GRASMERE’S first social housing development for 30 years has been handed over to its tenants – and one of the first to receive a key was paralysed villager Will Clark.

The 15-home scheme at Broadgate is claimed to be one of the most innovative and ecological community housing schemes in the Lake District.

Will’s flat has been specially designed and fitted out to suit his particularly demanding needs. He was paralysed from the neck down after being thrown from his bike while on a charity cycling ride last year.

Grasmere is one of the communities in Cumbria deemed to be under the greatest housing pressure due to demand and house prices. The mix of flats and houses by Impact Housing was developed without government funding. It was financed by a combination of private borrowing, a donation from South Lakeland District Council and from Lakeland Housing Trust.

All of the homes have already been let and tenants are now moving in. All of the tenants are from Grasmere and most have lived and worked in Grasmere for many years.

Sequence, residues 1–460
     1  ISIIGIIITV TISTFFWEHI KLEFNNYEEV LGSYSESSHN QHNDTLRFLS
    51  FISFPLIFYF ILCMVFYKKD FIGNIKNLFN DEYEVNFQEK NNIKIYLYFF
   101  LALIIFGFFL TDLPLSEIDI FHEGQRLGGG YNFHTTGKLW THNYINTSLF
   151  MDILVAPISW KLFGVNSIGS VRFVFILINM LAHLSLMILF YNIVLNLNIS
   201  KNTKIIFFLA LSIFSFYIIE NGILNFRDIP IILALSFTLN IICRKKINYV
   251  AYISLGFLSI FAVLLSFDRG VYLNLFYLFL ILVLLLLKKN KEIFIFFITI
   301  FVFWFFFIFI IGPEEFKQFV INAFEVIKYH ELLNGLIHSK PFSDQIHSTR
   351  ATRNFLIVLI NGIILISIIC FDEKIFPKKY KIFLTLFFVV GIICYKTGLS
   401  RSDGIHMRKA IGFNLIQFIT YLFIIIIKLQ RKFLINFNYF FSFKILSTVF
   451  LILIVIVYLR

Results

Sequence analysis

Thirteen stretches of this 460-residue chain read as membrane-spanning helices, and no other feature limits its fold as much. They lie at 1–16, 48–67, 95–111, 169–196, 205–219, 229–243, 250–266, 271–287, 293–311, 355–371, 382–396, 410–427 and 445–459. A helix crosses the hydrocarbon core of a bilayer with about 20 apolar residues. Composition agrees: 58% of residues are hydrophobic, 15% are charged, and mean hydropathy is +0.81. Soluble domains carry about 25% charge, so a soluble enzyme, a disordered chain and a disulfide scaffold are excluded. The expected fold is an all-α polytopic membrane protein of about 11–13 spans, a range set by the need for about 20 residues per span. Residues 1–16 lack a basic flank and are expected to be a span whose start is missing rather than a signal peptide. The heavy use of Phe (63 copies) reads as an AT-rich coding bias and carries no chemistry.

Two of the properties have been sold to Lakeland Housing Trust – a local housing charity – for them to let to local residents and the income from these sales has gone to subsidise the building of the other properties.

The homes are all let at an affordable level and will have energy costs that are extremely low at around £7 per week. The scheme will therefore give security for a substantial number of local residents in affordable housing. This will make a significant contribution to the sustainability of the development.

Mike Muir, chief executive of Impact Housing, said: “It is really difficult to develop affordable housing in the Lake District. “However, in this case, there was a real enthusiasm among all the partners to make it happen. Our new scheme will be a long term asset to the community.”